Tag Archive cone rod dystrophy

Cone-Rod Dystrophy Gene Therapy Rescues Vision in Canines

Cone-Rod Dystrophy Gene Therapy Rescues Vision in Canines

Originally posted at blindness.org

October 10, 2013

A French research team led by Fabienne Rolling, Ph.D., of INSERM, has used gene therapy to restore vision in a canine model of cone-rod dystrophy caused by mutations in the gene RPGRIP1. Reported in the journal Molecular Therapy, the advancement marks the first time RPGRIP1 gene therapy has been used successfully in a large-animal model of cone-rod dystrophy. Demonstration of safety and efficacy in a large animal is an important step in moving the therapy into human studies. Dr. Rolling says that her team is now adapting the RPGRIP1 for evaluation in humans.

In humans and the canine model, cone-rod dystrophy affects cones first, leading to loss of visual acuity and color vision in childhood. Loss of peripheral and night vision follow as the disease progresses and affects rods.

In the RPGRIP1 gene therapy study, cone function was significantly rescued in the canines while rod function was preserved. The therapy’s effect on vision persisted for 24 months — the length of time vision was monitored by the INSERM team.

Certain mutations in RPGRIP1 can also cause Leber congenital amaurosis (LCA), a severe form of retinitis pigmentosa that affects young children. Dr. Rolling says that her team’s gene therapy will target LCA caused by RPGRIP1 mutations.

A Foundation-funded research group from Massachusetts Eye and Ear Infirmary (MEEI) is also developing a gene therapy for LCA caused by mutations in RPGRIP1. Their lab studies are ongoing as they move toward launching a clinical trial.

“We are very pleased with the RPGRIP1 gene therapy efforts at INSERM and Mass Eye and Ear,” says Stephen Rose, Ph.D., chief research officer, Foundation Fighting Blindness. “As these two teams report results, they will learn from each other. Ultimately, that will help lead to an optimal therapy for the patients.”

Both the MEEI and INSERM treatments involve delivery of healthy copies of the RPGRIP1 gene to replace defective copies. The researchers insert the healthy copies into a specially designed virus which penetrates rods and cones to deliver the therapeutic genetic cargo. The virus is contained in a drop of liquid injected underneath or near the retina. Studies have shown that a single administration of gene therapy can last several years, perhaps a lifetime.

The virus used for the studies is known as an adeno-associated virus, or AAV. It is similar to the AAV being used in landmark clinical trials of LCA (RPE65 mutations) gene therapy at the Children’s Hospital of Philadelphia, the Universities of Pennsylvania and Florida and other research centers. The AAV is widely used because it penetrates cells of the retina well and has a good safety profile in humans.


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Researchers Developing Innovative Gene Therapy for Cone-Rod Dystrophy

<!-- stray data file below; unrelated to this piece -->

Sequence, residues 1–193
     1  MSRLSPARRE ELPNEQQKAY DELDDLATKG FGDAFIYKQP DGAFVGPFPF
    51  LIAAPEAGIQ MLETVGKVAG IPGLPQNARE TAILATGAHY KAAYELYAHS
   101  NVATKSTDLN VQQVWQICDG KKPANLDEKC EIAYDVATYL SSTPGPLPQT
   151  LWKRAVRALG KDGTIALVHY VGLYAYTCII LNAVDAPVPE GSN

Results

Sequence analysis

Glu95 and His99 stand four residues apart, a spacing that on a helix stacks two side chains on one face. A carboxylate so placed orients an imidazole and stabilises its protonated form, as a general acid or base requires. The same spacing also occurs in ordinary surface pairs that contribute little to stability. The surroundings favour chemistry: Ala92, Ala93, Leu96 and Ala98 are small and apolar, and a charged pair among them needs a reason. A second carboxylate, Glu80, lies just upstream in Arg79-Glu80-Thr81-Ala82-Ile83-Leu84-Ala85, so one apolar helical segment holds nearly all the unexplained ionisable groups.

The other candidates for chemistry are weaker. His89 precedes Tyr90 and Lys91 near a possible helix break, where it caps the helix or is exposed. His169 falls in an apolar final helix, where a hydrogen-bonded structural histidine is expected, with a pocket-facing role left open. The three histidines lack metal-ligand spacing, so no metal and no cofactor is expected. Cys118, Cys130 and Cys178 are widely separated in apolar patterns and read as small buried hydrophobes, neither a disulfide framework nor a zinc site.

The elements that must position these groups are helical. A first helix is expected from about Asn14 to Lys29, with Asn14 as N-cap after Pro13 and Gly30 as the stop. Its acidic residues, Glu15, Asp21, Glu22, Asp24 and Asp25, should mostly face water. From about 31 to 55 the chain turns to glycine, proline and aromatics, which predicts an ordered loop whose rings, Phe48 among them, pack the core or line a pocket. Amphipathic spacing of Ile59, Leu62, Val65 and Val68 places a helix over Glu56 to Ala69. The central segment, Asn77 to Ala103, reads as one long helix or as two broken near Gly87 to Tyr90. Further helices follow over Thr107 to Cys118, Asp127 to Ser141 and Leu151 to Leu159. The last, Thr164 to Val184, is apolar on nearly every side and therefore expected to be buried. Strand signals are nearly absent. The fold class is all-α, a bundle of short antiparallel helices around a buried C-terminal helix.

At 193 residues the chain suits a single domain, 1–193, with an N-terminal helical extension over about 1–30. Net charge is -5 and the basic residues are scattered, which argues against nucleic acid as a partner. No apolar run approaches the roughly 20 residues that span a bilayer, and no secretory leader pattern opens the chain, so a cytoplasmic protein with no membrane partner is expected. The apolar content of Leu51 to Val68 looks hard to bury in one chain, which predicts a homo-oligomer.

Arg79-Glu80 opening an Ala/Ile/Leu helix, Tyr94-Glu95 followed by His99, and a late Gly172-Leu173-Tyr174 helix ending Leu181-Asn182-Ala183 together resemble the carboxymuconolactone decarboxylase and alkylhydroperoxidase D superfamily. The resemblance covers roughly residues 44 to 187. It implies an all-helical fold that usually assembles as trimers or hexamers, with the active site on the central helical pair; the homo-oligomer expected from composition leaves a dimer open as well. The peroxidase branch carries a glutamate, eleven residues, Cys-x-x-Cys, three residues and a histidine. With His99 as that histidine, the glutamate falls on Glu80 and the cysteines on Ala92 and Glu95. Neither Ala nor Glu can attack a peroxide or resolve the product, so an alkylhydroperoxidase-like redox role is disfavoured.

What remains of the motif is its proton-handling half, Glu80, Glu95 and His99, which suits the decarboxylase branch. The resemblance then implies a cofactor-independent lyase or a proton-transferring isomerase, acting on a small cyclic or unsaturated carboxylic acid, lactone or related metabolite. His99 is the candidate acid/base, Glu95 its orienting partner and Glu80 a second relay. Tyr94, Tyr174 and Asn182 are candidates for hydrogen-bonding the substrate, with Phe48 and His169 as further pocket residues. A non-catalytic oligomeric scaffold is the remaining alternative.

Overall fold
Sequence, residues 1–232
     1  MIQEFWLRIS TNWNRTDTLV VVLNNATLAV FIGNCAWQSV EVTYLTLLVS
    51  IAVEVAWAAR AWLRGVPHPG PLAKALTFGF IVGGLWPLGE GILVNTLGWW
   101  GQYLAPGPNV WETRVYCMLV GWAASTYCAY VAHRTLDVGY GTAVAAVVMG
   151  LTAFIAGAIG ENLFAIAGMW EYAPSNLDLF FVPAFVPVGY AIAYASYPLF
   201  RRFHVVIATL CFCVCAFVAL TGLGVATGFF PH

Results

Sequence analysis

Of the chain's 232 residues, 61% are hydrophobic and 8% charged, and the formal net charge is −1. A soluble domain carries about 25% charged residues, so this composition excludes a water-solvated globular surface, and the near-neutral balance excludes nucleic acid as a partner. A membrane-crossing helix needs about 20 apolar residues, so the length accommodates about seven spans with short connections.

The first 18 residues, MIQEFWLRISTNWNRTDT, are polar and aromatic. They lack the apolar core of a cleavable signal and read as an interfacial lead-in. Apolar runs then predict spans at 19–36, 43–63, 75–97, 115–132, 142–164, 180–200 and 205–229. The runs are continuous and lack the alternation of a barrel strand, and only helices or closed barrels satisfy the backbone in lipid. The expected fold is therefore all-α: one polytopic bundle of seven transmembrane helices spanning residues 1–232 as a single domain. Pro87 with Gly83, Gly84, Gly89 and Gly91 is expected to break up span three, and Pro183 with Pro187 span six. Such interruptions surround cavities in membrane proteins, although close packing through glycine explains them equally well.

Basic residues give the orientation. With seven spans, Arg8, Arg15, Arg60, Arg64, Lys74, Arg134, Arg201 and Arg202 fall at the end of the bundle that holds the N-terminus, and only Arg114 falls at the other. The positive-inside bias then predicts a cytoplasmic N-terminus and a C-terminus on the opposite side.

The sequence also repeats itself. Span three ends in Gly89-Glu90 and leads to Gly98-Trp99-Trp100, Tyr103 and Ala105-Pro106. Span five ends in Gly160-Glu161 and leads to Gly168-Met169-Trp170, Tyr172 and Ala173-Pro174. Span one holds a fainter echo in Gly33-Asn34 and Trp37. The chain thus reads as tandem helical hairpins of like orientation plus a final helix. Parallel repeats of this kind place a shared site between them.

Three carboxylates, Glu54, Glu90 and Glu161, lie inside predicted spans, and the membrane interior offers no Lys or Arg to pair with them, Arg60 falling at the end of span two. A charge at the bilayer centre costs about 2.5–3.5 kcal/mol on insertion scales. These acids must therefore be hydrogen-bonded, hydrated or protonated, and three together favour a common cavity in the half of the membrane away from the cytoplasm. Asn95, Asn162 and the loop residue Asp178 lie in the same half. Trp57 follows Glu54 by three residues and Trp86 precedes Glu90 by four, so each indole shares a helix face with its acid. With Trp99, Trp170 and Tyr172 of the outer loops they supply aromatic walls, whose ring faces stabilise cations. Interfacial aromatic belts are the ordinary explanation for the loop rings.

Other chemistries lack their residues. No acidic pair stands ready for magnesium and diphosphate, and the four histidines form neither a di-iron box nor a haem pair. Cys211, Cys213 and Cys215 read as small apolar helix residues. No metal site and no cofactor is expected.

Published first at blindness.org




April 17, 2014 – At first blush, completely shutting down both copies of a gene might not seem like the best way to treat an inherited retinal disease. That’s because genes and the proteins they express are thought to be essential to the health and well-being of all cells in the body.

But the approach was used successfully in a Foundation-funded gene-therapy study of mice with autosomal dominant cone-rod dystrophy (adCORD) caused by mutations in the gene GUCA1A, also known as GCAP1. It is one of 10 genes that can cause adCORD, a retinal degenerative disease characterized by reduced visual acuity and color perception, as well as loss of central and daytime vision. Affected individuals are often legally blind by the age of 40.

Led by Wolfgang Baehr, Ph.D., and Li Jiang, Ph.D., at the University of Utah, the study provided a proof-of-concept for an approach they hope to use in humans. Results were published in Frontiers in Molecular Science.

The scientists shut down the normal and the mutated copy of GCAP1, because the approach was simpler than trying to target only the defective copy, and the investigators determined that vision wasn’t compromised when the healthy copy was also shut down.

GCAP1 is a gene that leads to the production of a protein involved in phototransduction, the biochemical process in photoreceptors that converts light to electrical signals, which are sent back to the brain and interpreted as vision. However, if one of the two GCAP1 copies is defective, a toxic protein is produced and adCORD develops.

To be effective in most cases, a gene therapy for an autosomal dominant retinal disease must either shut down the defective gene copy and leave the normal copy intact, or deliver a copy of the normal gene after shutting done both copies. In some cases, scientists can override the defective copy by only delivering a normal copy.